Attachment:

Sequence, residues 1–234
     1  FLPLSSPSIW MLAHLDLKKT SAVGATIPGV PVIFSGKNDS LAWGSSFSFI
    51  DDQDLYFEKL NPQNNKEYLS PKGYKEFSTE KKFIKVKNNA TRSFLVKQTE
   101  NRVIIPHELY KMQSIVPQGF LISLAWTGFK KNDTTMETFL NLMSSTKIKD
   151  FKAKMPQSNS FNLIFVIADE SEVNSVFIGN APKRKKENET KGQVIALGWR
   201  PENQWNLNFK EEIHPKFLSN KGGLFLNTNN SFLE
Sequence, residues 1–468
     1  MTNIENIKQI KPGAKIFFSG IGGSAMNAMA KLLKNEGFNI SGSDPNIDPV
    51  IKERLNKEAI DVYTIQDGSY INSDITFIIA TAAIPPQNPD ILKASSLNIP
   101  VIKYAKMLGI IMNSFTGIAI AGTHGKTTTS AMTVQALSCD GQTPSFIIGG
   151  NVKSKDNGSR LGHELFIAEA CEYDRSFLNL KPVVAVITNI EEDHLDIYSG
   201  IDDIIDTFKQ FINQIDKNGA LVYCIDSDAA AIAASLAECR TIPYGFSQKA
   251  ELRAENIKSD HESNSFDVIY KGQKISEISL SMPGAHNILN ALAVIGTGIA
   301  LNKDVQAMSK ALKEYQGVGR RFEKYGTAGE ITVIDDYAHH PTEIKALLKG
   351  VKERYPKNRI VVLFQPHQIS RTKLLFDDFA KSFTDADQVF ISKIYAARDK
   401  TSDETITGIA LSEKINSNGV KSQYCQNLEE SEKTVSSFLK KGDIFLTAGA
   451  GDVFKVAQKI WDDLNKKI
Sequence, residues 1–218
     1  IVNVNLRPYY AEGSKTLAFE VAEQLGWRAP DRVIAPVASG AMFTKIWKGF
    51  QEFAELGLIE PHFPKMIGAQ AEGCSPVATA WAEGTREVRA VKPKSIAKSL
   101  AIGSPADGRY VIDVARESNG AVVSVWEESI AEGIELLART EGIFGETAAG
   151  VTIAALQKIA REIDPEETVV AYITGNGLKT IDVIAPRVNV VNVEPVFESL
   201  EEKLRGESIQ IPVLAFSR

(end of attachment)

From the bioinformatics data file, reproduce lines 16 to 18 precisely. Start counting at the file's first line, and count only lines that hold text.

   401  TSDETITGIA LSEKINSNGV KSQYCQNLEE SEKTVSSFLK KGDIFLTAGA
   451  GDVFKVAQKI WDDLNKKI
Sequence, residues 1–218